Bill: At my cousin Ruthie’s wedding, the groom’s brother was that guy Alakazam. You know who I’m talking about?
Stan: The magician with the ponytail?
Bill: Right. Well, he did his act, and every time he made something disappear, Vinny jumped on him. I mean, he nailed him! It was like, “it’s in his pocket,” or “he’s palming it,” you know? Or, “there’s a mirror under the table.” I mean, he was like, he was like, “wait a second, wait a second, it’s joined in the middle, and there’s a spring around it, it pops it open when it’s inside the tube.” It was like Alakazam’s worst nightmare. Vinny was just being Vinny. He was just being the quintessential Gambini.
Penn & Teller make their living being quintessential Gambinis, and they want us to do the same when it comes to claims of the supernatural. Animals, coins, balls, cards, and whatever else, don’t appear out of thin air when a magician performs. Tricks are designed, prepped, and executed using natural methods and materials. Nothing is transformed, restored, teleported, levitated, cut in half, or stabbed. Nothing ever vanishes.
Most magicians will never tell how they perform their tricks. Their livelihoods depend on secrecy. (Of course, there are exceptions when money is involved and anonymity is part of the reveal.) It’s the illusion that enthralls an audience. “It is argued that once the secret of a trick is revealed to a person, that one can no longer fully enjoy subsequent performances of that magic, as the amazement is missing. Sometimes the secret is so simple that the audience feels let down, and feels disappointed it was taken in so easily.”
As magicians who would never claim that they can make life appear on stage from non-life, as adherents of evolution claim has been done, they must believe that matter appeared out of nothing and life came from non-life. Penn & Teller would never claim that they could make a single molecule appear out of thin air, but they must believe that the birds, the bees, the trees, and you and me came into existence and evolved from nothing into a superheated, ultimately sterile chemical soup.
Penn & Teller could stand on stage and shake a jar of these origin chemicals until the hell they don’t believe in freezes over, and the stuff inside would never come to life. Of course, there is the more fundamental problem of accounting for the stuff in the jar, but we’ll give them that much. What they so cleverly debunk using their illusionist principles, they have not applied to the evolutionary worldview that makes fantastic claims that in any skeptic’s dictionary would be defined as magical. Consider the following on “Probability and the Origin of Life” by Robert E. Kofahl:
For roughly fifty years secular scientists who have faith in the power of dumb atoms to do anything have been carrying on scientific research aimed at finding out how the dumb atoms could have initiated life without any outside help. Since they believe that this really happened, they believe that it was inevitable that the properties of atoms, the laws of physics, and the earth’s early environment should bring forth life. More sober minds, however, have realized the immense improbability of the spontaneous origin of life (called “abiogenesis”). Some have made careful investigations and mathematical calculations to estimate what the probability is for abiogenesis to occur. Their calculations show that life’s probability is extremely small, essentially zero.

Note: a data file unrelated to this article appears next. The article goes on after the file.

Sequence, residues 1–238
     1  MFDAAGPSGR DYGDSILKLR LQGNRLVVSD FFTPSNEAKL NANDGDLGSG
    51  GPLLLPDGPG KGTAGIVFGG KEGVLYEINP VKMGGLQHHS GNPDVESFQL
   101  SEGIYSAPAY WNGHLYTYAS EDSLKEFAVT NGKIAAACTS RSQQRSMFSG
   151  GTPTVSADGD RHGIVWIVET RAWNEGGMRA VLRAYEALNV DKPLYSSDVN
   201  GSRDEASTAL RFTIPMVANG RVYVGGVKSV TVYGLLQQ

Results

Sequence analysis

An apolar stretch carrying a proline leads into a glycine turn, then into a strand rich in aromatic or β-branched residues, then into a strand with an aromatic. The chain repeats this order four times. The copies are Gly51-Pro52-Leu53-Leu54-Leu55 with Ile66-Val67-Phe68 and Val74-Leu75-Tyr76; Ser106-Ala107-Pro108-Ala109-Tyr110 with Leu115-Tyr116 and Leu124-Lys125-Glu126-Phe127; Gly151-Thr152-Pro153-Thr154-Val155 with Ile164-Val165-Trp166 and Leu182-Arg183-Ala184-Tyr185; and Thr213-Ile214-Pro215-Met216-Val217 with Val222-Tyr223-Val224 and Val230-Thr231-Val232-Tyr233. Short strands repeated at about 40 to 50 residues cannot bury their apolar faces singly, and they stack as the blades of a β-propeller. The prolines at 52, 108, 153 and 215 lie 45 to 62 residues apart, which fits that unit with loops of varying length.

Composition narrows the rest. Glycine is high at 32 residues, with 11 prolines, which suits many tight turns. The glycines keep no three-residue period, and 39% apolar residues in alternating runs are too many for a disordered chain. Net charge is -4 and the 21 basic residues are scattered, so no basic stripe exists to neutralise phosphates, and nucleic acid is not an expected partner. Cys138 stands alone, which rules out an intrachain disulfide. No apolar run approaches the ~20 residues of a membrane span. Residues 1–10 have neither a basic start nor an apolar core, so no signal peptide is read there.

As magicians, Penn & Teller know that their tricks are designed, either by them or someone else. They also know that those who design and build the equipment for their stage magic use existing material. Those who develop tricks don’t create their tricks out of nothing, and Penn & Teller wouldn’t expect it to be any other way. In fact, if some seller of magic tricks came to them and claimed that he could teach them how to make a rabbit really appear out of thin air, they would dismiss him as a kook. But they have no problem believing that the cosmos and life as we know it did appear out of thin air with no intelligence behind the process.
Penn & Teller’s well scripted magic acts do not happen by chance. A great deal of planning and design go into every performance. And yet they believe in a theory that debunks design, embraces the non-entity chance that can’t do anything because chance doesn’t exist,  and goes against the operating premise that life does not come from non-life.
Even so, Dawkins, Penn & Teller, and Asimov, contrary to everything they believe about how the world works, believe that the cosmos came into existence out of nothing and that life evolved from non-life. In Asimov’s book The Wellsprings of Life, he spends nearly 200 pages describing how scientists believe life evolved. But when he gets to the origin of life, how it all started, the scientific method is discarded and magic replaces it:
Under the drive of energy, the primordial ocean would have slowly filled with more and more complex compounds: amino acids, sugars, porphyrins, nucleotides. These would be built up further so that amino acids might combine into proteins, and nucleotides into nucleic acids.
This could continue at random for perhaps a billion years or more, until a time came when a double-stranded nucleic acid molecule was put together which was complex enough to have the capacity of consummating replication. . . . To have this happen on the basis of random chance seems to be asking a lot, but then a billion hears is a long time.
And if this indeed happened (and surely something like it must have), then at least once in the history of our planet, there did, after all, take place a case of spontaneous generation. 
Magic! There is no other word for it. When pushed to explain how it all started, the atheist scientist can’t apply the well-tested scientific method. Penn & Teller can’t make objects appear out of thin air, but they believe with all their heart that nothing pulled the cosmos out of nothing. Now I would like to see that magic act.